This is an article that I contributed to poplarnetwork.com. Please provide feedback below!
After passing the LEED GA exam by a 15 point margin, I was confident I would pass the BD+C exam with ease… Then I failed by 1 point.
Prior to my first attempt at the LEED AP BD+C exam, I had studied, read flash cards several times over, and was completing my practice tests well above the recommended 85%.
Considering that I had passed the LEED Green Associate by a 15 point margin, I had convinced myself that I was well equipped to tackle the AP test. However, when I sat down to write the test, the questions didn’t seem to be relevant to what I had studied. I found myself guessing more than analyzing the questions.
I finished the test 1 point below the minimum required score of 170. You can imagine the level of disappointment I felt was massive…
Please read my tips below to avoid a similar situation for your first attempt at the LEED AP BD+C test:
#1. Memorization of the right materials
I cannot stress the importance of the right study guide and practice questions. However, utilization of practice exams must be done carefully. It is very easy to gain confidence by earning high grades on the practice exams after doing them multiple times… Especially if the questions are overly simple or even outdated. In my first attempt to pass the LEED AP exam I used practice tests from a supposedly reputable provider but in retrospect the questions may not have been as up to date as they could have been.
Also, there is a danger to using any practice tests in that once you have done the questions too many times, you may memorize the correct answers as opposed to selecting the proper answer by process of elimination each time.
As such, again, it’s important to rely on exams that are designed by someone who is familiar with the material that will be tested. The second time I prepared and successfully passed the exam I memorized and tested myself on the material in the GreenStep LEED AP BD+C Study Guide, which is condensed and focused.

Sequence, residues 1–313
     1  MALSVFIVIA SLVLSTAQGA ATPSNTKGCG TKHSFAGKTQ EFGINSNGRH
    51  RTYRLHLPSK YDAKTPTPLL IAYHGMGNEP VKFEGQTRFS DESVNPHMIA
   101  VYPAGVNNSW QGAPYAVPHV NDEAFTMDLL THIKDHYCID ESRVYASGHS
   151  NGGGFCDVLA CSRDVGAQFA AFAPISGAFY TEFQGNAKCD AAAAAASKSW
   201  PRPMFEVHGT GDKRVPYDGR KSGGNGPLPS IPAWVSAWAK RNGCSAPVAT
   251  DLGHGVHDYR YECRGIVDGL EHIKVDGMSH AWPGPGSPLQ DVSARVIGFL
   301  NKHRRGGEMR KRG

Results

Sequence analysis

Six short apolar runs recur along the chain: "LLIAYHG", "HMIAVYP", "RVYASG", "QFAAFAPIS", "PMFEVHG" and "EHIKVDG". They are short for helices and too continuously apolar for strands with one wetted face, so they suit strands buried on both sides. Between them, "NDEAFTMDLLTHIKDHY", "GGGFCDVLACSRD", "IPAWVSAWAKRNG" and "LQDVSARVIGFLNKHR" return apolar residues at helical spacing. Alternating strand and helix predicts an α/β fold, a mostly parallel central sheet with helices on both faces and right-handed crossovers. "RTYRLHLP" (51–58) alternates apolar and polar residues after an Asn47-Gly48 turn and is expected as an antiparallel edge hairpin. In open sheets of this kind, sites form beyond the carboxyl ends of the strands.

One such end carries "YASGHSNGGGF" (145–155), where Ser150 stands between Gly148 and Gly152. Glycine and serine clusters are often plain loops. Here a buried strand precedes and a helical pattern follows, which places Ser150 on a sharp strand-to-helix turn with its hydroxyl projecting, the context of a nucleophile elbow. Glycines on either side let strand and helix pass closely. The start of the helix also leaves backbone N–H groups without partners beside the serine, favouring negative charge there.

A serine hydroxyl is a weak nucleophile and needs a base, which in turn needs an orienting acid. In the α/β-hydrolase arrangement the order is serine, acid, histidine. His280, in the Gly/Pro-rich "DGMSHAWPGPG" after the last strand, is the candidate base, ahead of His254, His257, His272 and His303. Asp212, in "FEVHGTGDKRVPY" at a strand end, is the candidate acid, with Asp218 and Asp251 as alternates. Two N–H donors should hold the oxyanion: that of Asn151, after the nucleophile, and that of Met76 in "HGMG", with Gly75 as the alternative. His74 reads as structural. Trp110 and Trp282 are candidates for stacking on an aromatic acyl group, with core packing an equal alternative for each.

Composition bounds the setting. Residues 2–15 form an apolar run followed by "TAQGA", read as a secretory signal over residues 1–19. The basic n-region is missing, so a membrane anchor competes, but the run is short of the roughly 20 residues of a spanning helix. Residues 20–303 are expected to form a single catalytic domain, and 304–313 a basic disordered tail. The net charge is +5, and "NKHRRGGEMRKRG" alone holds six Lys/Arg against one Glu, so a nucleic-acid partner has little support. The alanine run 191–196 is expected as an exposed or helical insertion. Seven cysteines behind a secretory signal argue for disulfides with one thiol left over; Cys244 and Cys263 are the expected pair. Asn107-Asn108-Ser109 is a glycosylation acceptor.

#2. Lack of time
I have read in different blogs what the right amount of time for preparation is, but I think it varies based on the person. Numerical values regarding study time must be taken with a grain of salt. All testers read, comprehend and retain in different ways. In my case 4 weeks was not enough given my full time work schedule.
#3. Favoring strong areas, disregarding the weak
I was able to comprehend the Sustainable sites category with ease, yet I struggled with the Energy and Atmosphere section. It’s likely that this is due to my architectural training, whereas someone with HVAC training may have opposite strengths and weaknesses.
Practice tests should give you a decent indication of where your strengths and weaknesses lie by providing feedback immediately. It’s also helpful to think for yourself which category a question may reflect, and consider synergies (as described below).
Do not neglect this, because one category can make or break your results.
#4. Not breaking down practice exam questions
In my first attempt, I became flustered because I did not totally understand the questions. I developed a method that I call “process of elimination” which should be practiced thoroughly while doing practice tests. The Process of elimination is as simple as it sounds: Identify the first one or two answers that do not belong before you try to assess what is correct.
If a question is overly tricky, you can also do this by marking the questions (as is allowed in the Prometric exam process) and coming back to them later after you have gone through all of the questions in the full exam once. Having viewed all of the practice questions you may find that you have new perspective on a tricky question and will be more confident of your answer.
#5. Disregarding Synergies
Don’t just understand individual credits, understand how these credits work with other credits. And how categories work with other categories.
For instance, if the size of the HVAC vents in a building are increased in size/diameter, what credits will be affected? What synergies are most directly associated with each other?
A lot of LEED credits are not entirely independent of others, so be attentive to credit relationships.
#6. Having poor knowledge of sequence
Especially in the LEED Process category, you must understand the sequence of operations. When does the Discovery phase happen in the integrative process? I didn’t pay a lot a lot of attention to this when I studied, and it hurt me on the exam.
#7. Not recognizing the word that doesn’t belong
This one is closely associated with synergies and process of elimination. If you have done your due diligence and you approach the question the proper way, there should be immediate red flags. On my second (and successful) attempt, I realized how oblivious to this I was on my first attempt.
#8. Failing to use common sense
Sometimes, well, always, the correct answer is right in front of your face. However, if you do not use common sense when you use the process of elimination and break questions down, you may not realize how blatantly obvious an answer actually is.
Not having a tactic for approaching the questions properly caused me to panic. I can’t stress the importance of a proper approach.
#9. Last Minute Cramming
If you have been studying for months, can you really teach yourself the material required the morning before your test?
I had read as much as I possibly could have the morning before my test. I believe that this contributed to me becoming overwhelmed with what I didn’t know as opposed to brushing up on what I did know.
IMHO you want to be fresh on test day!